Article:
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Chemical Properties: Physical and Chemical Changes

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					Chemical Properties & Physical and Chemical Changes

Physical changes are those changes that do not result in the production of a new substance. If you melt a block of ice, you still have H2O at the end of the change.

If you break a bottle, you still have glass. Painting your nails will not stop them from being fingernails. Some common examples of physical changes are: melting, freezing, condensing, breaking, crushing, cutting, and bending.

Some, but not all physical changes can be reversed. You could refreeze the water into ice, but you cannot put your hair back together if you don’t like your haircut!

Special types of physical changes where any object changes state, such as when water freezes or evaporates, are sometimes called change of state operations.

CHEMICAL PROPERTIES Chemical properties can ONLY be observed AS the substances are changing into different substances.

Chemical changes, or chemical reactions, are changes that result in the production of another substance.

FLAMMABILITY: A material’s ability to BURN in the presence of OXYGEN

REACTIVITY: How readily (easily) a substance combines chemically with other substances.

Which has higher reactivity? A 14 karat gold ring or a cheap metal ring from the vending machine at the grocery store? What is your evidence?

Recognizing Chemical Changes: Please read 56-57 in your book and take notes on the 3 types of chemical change.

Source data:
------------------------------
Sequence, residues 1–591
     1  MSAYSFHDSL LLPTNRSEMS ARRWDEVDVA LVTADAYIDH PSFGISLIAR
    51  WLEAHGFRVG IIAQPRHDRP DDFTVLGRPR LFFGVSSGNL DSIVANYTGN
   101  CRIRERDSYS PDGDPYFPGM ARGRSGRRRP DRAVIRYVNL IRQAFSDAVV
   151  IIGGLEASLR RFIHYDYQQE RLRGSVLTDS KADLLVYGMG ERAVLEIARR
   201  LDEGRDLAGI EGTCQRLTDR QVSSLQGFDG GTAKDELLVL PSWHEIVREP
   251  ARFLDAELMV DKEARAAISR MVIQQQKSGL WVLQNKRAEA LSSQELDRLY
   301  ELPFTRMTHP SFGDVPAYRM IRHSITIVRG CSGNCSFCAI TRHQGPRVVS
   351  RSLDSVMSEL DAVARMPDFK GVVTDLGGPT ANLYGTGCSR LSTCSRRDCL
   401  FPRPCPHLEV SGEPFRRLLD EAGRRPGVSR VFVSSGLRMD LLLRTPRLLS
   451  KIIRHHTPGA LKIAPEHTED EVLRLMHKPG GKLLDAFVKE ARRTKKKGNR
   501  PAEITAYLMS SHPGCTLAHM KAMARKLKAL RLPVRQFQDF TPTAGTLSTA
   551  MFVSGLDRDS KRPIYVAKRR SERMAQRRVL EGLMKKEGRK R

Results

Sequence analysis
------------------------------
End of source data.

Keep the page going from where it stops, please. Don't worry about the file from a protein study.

When you burn a log in a fireplace, you are carrying out a chemical reaction that releases carbon. When you light your Bunsen burner in lab, you are carrying out a chemical reaction that produces water and carbon dioxide.

Common examples of chemical changes that you may be somewhat familiar with are; digestion, respiration, photosynthesis, burning, and decomposition.

Physical or Chemical Change?

• Painting Wood • PHYSICAL

Physical or Chemical Change?

• Burning Paper • CHEMICAL

Physical or Chemical Change?

• Digestion of food • CHEMICAL

Physical or Chemical Change?

• Sugar dissolving in
water • PHYSICAL

Physical or Chemical Change?

• Iron turning red when
heated • PHYSICAL

Physical or Chemical Change?

• Evaporation • PHYSICAL

Physical or Chemical Change?

• A pond freezing in
winter • PHYSICAL

Physical or Chemical Change?

• Melting ice • PHYSICAL

Physical or Chemical Change?

• Cutting wire • PHYSICAL

Physical or Chemical Change?

• Painting fingernails • PHYSICAL

Physical or Chemical Change?

• Cutting fabric • PHYSICAL

Physical or Chemical Change?

• Baking muffins • CHEMICAL

Physical or Chemical Change?

• Shattering glass • PHYSICAL

Physical or Chemical Change?

• Decomposition of old
leaves • CHEMICAL

Physical or Chemical Change?

• Wrinkling a shirt • PHYSICAL

Physical or Chemical Change?

• An old nail rusting • CHEMICAL


				
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Description: breakdown of properties and changes